- Barry Callaghan: Essays on His Works
In the culminating interview at the end of this impressive collection of essays, William Kennedy describes Barry Callaghan as 'noted pool and horseplayer, high roller and artist, who writes powerful poetry, has reported on wars, taught literature, founded and run a literary magazine, fronted a TV show, sung the blues, and has perpetually told wondrous stories and stirring lies.' Not the conventional pattern for a writer who becomes the subject of a 500-page academic book. In consequence, this will not be a conventional academic review.
Although most of the contributors (including Callaghan himself) are technically classifiable as academics, this is no dry scholarly tome. It is comprehensive, informative, compelling. The sole dud among the essays is an unwitting parody of a scholarly article that brings the burden of some twenty volumes of 'theory' to bear on a four-page short story that can get along very well without it. For the rest, Priscila Uppal has done a thorough job in assembling the right people to present the case for this many-sided writer who, as she notes, laboured long under the shadow of his at-least-once-famous father and has hitherto been much better known in Europe and beyond than in his native country.
At once, the coherence implicit in his many varied interests becomes clear. Even if we confine our attention to his creative activities, he is notable for his poetry (The Hogg Poems), his paintings and drawings (he might well have become a visual artist), his short fiction (The Black Queen Stories), his two novels, his journalistic articles (Essays and Encounters - two out, one still to come), his memoir (Barrelhouse Kings), his translations (too numerous to list), and his editorial and publishing activities (Exile and Exile Editions). It could be argued that he has established himself, in the most exact sense of the phrase, as Canada's most versatile man of letters.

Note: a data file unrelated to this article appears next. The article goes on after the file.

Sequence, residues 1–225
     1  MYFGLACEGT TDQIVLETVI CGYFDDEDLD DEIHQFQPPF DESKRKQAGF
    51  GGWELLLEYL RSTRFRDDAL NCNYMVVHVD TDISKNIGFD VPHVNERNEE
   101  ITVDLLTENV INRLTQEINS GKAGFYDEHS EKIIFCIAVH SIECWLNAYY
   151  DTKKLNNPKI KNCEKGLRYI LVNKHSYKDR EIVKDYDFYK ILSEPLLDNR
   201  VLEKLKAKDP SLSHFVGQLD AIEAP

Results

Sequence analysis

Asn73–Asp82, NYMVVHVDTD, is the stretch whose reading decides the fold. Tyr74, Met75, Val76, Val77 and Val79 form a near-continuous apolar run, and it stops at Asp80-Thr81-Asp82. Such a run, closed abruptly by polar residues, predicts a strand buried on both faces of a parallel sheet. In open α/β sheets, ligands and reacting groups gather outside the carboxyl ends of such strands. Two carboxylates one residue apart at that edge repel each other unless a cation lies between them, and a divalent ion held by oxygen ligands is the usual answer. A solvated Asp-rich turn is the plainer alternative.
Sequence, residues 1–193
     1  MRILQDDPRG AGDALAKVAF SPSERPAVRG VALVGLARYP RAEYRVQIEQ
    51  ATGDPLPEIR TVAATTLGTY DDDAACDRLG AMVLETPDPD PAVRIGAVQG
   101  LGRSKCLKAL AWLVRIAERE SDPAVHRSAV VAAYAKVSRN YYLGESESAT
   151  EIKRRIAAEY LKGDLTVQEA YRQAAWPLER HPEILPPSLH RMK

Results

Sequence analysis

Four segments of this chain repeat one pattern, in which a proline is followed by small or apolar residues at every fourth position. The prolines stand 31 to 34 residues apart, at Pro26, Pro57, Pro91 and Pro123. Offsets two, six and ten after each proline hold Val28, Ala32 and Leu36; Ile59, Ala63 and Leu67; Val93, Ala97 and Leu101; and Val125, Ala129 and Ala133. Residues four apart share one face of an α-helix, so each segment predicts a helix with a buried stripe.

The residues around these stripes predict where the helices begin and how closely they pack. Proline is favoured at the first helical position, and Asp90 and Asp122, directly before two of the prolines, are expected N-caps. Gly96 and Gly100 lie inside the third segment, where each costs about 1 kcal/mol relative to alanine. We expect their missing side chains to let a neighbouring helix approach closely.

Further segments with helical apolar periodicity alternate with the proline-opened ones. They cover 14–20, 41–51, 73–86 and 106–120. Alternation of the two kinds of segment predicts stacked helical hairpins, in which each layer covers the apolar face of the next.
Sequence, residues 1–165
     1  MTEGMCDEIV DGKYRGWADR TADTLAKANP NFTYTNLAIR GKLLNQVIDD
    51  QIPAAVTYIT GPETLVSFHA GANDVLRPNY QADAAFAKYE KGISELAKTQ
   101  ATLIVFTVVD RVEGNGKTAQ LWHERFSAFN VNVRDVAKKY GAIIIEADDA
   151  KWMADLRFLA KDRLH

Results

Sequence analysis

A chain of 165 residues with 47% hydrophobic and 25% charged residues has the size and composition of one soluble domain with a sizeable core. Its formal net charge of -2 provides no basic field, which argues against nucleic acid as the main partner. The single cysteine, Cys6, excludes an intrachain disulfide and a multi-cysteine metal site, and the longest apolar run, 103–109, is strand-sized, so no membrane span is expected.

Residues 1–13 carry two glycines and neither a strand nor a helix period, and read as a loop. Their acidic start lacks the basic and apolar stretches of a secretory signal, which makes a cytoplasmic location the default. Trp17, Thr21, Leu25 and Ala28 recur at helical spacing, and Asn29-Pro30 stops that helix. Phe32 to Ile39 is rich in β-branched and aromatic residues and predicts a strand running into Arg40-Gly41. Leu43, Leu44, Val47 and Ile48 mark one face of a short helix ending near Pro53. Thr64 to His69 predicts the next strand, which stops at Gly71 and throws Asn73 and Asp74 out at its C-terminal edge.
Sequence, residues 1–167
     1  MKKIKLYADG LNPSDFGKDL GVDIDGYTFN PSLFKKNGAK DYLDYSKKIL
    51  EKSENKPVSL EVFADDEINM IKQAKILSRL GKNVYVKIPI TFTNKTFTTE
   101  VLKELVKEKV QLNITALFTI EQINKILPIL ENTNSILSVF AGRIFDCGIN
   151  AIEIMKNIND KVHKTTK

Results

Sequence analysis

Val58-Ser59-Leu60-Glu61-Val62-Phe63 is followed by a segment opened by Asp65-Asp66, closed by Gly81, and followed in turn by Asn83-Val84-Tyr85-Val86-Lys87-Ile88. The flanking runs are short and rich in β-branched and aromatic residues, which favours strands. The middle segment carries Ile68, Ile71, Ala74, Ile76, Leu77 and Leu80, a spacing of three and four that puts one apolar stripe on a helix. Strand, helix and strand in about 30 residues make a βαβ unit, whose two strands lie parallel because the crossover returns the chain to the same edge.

And yet . . . if one turns from this collection of eulogies to his writings, it becomes equally clear that a good percentage of the contributors are admirers, friends, and even cronies of Callaghan. Fair enough, but a hint of cliquishness obtrudes. Notably absent is the aggressive, look-for-a-chink-in-the-armour approach that is so conspicuous in his own stance towards the subjects he chooses for his articles and interviews. Do some necessary qualifications need to be made? [End Page 501]
I believe so. The dominating qualities that emerge from a reading of his work are those of the relentless, abrasive, or (to employ his own favoured vocabulary) shit-stirring investigative journalist. Much has been made, for instance, of his defiant interview of Golda Meir in 1970, yet their personalities appear remarkably similar: tough, determined, heedless of contrary views. By the same token, his sniping at such establishment figures as Donald Creighton or Hugh MacLennan may well stem from an uneasy suspicion that their prejudices are the obverse of his own.
He paints himself (along with others) in heightened colours as a lifelong 'bad boy,' a rebel against cant and the official decencies (his contempt for 'respectable people' is evident throughout). Yet there are signs that he is less original than hewould have us believe - an updated version of the conventionally unconventional nineteenth-century Bohemian, eager 'pour épater le bourgeois.' In some respects he is a victim of the blindnesses of his own times. Thus in Barrelhouse Kings he will quote a 1950s news-cutting to expose the racism of the period, but regularly refers to 'WASPS' without any consciousness of a double standard. If he is viewed clinically, from outside, one is aware of many chips on his shoulders, many motes in his eyes.
A skewed view? Perhaps, but no more so that the enthusiastic skewed view of Uppal's collection. Callaghan never spares those he dislikes; why should they spare him? I welcome this book for its challenge to current assumptions, and I have learned much from it. But its basic position should be approached with skepticism. It may well be the truth, but not...